Pacemaker Therapy

A pacemaker or defibrillator (details about the difference can be found in the device section) may be utilized to prevent slow heart rates caused by medications or coupled with an ablation of the heart’s circuitry to prevent heart racing should medications prove inadequate at keeping your heart from racing. Both of these devices can be a part of atrial fibrillation for any AFib patient but in the current era of ablation have become less commonly utilized.

Stroke Prevention

Stroke prevention is the most important element of atrial fibrillation therapy. AFib is the most common cause of stroke within the United States. Your stroke risk will be determined during the visit with your doctor based upon your other medical conditions. If you are at risk, a blood thinner will be prescribed if necessary.

In the event that bleeding is seen when you are on a blood thinner, a stroke prevention device such as a WATCHMAN may be appropriate. Currently, the WATCHMAN (from Boston Scientific) is the only device FDA approved to prevent strokes without blood thinners.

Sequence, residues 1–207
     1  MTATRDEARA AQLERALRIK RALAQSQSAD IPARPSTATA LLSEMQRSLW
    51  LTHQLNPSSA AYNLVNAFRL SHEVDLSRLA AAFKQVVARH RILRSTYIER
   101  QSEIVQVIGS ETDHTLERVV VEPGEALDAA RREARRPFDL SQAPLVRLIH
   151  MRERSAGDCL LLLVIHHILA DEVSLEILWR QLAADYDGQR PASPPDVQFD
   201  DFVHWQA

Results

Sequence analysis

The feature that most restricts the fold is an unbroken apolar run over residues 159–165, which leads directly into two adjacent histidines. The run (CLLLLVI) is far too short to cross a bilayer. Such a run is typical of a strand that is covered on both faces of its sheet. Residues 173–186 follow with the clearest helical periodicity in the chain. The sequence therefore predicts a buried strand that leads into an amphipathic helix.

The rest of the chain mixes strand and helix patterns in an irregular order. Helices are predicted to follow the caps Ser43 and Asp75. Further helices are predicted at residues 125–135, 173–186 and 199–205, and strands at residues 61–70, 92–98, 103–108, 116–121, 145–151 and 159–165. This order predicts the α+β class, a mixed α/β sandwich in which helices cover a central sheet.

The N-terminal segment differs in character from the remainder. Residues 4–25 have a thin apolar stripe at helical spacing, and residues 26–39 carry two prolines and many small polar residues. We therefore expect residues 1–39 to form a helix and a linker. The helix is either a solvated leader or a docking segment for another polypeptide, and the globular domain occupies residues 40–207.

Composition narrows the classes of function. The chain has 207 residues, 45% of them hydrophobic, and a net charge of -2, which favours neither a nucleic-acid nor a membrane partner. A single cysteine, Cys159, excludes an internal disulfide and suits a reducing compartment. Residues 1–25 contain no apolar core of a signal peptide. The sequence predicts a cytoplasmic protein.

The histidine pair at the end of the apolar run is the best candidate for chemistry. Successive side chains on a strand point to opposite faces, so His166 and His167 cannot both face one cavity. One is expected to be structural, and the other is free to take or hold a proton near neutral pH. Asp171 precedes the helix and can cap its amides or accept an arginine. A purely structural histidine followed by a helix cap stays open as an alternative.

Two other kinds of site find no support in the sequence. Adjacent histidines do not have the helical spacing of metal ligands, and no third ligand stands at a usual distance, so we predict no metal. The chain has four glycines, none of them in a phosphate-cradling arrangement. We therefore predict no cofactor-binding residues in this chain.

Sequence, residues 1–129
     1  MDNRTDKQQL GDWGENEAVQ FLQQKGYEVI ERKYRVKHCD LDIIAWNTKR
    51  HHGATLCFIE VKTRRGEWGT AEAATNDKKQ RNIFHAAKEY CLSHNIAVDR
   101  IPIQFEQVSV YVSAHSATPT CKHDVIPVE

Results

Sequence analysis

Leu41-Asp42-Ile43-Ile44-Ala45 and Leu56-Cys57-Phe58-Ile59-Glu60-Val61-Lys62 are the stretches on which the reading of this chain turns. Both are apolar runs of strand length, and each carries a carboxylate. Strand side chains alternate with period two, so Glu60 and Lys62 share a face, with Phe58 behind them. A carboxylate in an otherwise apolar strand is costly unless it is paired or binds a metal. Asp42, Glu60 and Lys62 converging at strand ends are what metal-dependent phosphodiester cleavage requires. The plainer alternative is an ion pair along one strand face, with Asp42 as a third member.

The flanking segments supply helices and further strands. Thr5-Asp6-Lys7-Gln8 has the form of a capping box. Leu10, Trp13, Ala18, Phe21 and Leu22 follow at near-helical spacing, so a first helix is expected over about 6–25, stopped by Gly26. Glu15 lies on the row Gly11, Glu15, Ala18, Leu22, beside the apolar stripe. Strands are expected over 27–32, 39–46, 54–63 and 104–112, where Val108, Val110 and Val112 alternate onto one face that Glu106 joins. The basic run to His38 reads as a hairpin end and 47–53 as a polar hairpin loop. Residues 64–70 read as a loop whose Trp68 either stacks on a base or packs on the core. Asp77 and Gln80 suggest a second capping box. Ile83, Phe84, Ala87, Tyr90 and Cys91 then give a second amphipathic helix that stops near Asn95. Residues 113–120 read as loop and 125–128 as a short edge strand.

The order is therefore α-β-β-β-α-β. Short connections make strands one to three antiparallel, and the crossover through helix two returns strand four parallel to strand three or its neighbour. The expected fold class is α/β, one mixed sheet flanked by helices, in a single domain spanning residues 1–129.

Details surrounding device placement are detailed in the video below. This therapy line provides stoke prevention as if you were on a blood thinner but without the bleeding risk. Major bleeding and the risk of dying were shown to be significantly reduced in major medical studies. Placement of these devices is routinely performed at Greenville Health System.

WATCHMAN is the only FDA-approved implant proven to reduce stroke risk in people with atrial fibrillation not caused by a heart valve problem. It’s the alternative to warfarin for people who need it.

And, GHS is the only facility in the Upstate currently using this new technology.

Learn how a permanent heart implant may replace the need for long-term blood thinners.

Will I be asleep during the procedure?

Yes. It is necessary to use anesthesia for the procedure. You may or may not be on a breathing machine during the procedure but you will be completely asleep and know nothing of the procedural events.

How long is the procedure?

It is variable dependent upon the complexity of the atrial fibrillation and the practitioner performing. The spectrum of duration is from 2-4 hours although it may be longer. We know how hard it can be to be in the waiting room so regular updates are universally performed at regular intervals (expect our nurses to tell you when to expect one). In addition there is a procedural status board in the waiting room that will keep you informed of procedural events outside of regular updates.

What is recovery like? Are there instructions or restrictions?